Overclock.net › Forums › Components › Monitors and Displays › Question about Screen calibration tools like the "Spyder"
New Posts  All Forums:Forum Nav:

Question about Screen calibration tools like the "Spyder"

post #1 of 4
Thread Starter 
Hey there!

I always used pro art series monitors for my "serious" work and actually never cared about calibrating my gaming monitors. Since I'll now eighter go for the
Acer Predator XB270HU or the ASUS RoG Swift I would like to get the most out of the monitor.

(I just have to get some answers on my open questions for the Acer one, then I'll definitly go with the IPS panel. Calibrating TN panels sound a bit meh to me biggrin.gif)

Could someone please explain to me how the calibration "exactly" works in terms of installing it.

I did hear that it will keep the room lighting in mind and that said it always changes. For example if it is sunny, cloudy or night with lamps.

I'm also interested in how to "install" them. I can't belive that I just had to put it into a USB port or via DP and then it can change setting for the pixels or w/e.

As you may allready guessed. I never used such a tool and can't really imagine how much it can improve something.
post #2 of 4
The out-of-box calibration for both those monitors should be okay. They may not be worth calibrating.

A Spyder or similar is just a sensor that talks to a computer via USB. It's a device you install drivers for, like anything else. You literally stick it on a monitor and then run the software. The software will cycle the monitor through different colors, with the hardware's sensor picking up the actual colors being displayed. The software can then figure out how off the actual measured value is from what it was supposed to be. Perhaps after some iterations and checking some different colors, it finishes. Out pops maybe a report and probably an ICC profile.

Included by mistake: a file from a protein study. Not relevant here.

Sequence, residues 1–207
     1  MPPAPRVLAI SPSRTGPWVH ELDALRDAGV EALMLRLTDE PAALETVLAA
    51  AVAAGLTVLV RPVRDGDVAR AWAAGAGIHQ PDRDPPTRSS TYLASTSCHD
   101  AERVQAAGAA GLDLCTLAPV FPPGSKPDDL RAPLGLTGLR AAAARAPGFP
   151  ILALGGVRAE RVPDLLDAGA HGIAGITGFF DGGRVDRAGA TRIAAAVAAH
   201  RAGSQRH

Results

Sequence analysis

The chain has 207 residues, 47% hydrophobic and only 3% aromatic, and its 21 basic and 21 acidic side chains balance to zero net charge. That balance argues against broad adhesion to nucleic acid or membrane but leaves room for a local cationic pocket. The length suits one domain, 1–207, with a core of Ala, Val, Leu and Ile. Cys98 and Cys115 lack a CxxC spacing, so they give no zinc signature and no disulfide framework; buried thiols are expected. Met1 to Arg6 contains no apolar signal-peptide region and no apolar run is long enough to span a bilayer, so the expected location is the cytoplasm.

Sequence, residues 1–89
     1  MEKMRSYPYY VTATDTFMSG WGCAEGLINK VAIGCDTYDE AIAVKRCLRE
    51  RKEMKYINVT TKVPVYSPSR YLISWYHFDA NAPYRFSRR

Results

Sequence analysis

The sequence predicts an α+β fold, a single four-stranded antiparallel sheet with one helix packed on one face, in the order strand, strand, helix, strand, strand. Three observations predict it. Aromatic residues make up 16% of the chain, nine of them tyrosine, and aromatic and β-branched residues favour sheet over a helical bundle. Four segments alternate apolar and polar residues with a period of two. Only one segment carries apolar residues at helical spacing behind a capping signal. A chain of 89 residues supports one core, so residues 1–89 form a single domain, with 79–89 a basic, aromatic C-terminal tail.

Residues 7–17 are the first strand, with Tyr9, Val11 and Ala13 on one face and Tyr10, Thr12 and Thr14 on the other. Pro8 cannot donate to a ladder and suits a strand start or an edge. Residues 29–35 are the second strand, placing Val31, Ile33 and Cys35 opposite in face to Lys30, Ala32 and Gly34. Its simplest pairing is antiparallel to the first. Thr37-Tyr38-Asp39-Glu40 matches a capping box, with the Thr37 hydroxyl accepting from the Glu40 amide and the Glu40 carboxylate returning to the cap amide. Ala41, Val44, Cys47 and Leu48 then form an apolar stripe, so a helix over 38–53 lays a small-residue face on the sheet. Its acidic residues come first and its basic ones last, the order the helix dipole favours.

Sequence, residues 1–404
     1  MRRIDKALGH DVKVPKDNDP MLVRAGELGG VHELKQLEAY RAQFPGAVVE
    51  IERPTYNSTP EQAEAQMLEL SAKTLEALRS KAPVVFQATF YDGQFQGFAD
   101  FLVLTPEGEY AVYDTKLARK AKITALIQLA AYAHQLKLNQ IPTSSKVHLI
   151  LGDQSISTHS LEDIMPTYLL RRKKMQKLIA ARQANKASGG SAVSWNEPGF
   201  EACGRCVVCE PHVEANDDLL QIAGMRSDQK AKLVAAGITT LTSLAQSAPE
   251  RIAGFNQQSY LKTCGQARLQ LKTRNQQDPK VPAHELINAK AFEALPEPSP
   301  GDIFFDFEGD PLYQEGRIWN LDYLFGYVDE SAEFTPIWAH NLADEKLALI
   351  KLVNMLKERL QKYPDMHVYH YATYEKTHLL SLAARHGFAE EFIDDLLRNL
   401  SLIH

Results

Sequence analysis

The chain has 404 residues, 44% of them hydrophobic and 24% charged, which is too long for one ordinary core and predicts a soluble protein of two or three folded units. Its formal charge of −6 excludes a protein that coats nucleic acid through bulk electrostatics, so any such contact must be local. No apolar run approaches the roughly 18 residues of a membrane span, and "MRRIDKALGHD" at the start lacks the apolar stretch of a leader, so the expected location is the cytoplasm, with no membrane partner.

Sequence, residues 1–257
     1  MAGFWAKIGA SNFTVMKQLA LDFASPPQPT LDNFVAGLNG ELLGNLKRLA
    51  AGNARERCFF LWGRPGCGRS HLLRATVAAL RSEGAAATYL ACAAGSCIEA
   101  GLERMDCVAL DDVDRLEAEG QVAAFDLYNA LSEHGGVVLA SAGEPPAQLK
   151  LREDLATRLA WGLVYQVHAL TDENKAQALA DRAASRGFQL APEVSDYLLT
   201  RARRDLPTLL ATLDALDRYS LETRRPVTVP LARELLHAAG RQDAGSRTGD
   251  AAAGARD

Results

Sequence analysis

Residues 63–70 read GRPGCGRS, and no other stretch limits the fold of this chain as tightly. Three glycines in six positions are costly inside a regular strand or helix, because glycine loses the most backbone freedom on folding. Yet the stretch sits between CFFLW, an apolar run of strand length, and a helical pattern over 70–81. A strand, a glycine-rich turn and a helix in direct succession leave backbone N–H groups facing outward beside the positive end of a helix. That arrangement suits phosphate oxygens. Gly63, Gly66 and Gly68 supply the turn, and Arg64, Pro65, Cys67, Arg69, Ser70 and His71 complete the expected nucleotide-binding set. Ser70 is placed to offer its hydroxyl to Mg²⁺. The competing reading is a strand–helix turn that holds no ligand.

You are not changing the hardware capabilities of the monitor. Applying a fix via software is a kludge, one that might help, but it has its drawbacks, and many games ignore or are finicky with ICC profiles anyway. Higher-end professional monitors have more actual hardware color controls.

Basically the monitor is inaccurate for various colors by various amounts and the "fix" is just to send the wrong colors to the monitor so two wrongs cancel each other out and make a right. e.g. if it turns out that the monitor natively displays orange too reddish, the fix when orange needs to be displayed is to send the monitor color values slightly less red than the orange should be, so the output looks closer to the intended color. And so on for all colors.

A calibrator can help you figure out what you want to set for the monitor's settings in terms of brightness, contrast, gamma, RGB controls, etc. if you want to try to match some standard or get multiple displays looking more similar.

You can certainly calibrate any monitor you want, but you're not getting around hardware limitations. If a cheapo laptop TN panel can't display deep reds, there's no color combination you can send it that will make it do the impossible.

My limited understanding is that the Spyder family is not necessarily the best, and 3rd-party software calibration software is often better than the official stuff anyway, especially in affordable models.
post #3 of 4
Quote:
Originally Posted by Evoly View Post

I always used pro art series monitors for my "serious" work and actually never cared about calibrating my gaming monitors.
Calibration settings will not apply in 99.9% of games.
post #4 of 4
Quote:
Originally Posted by zalbard View Post

Calibration settings will not apply in 99.9% of games.

Spyder software will automatically apply saved calibration settings per-monitor if a game or program randomly resets the calibration settings.
New Posts  All Forums:Forum Nav:
  Return Home
  Back to Forum: Monitors and Displays
Overclock.net › Forums › Components › Monitors and Displays › Question about Screen calibration tools like the "Spyder"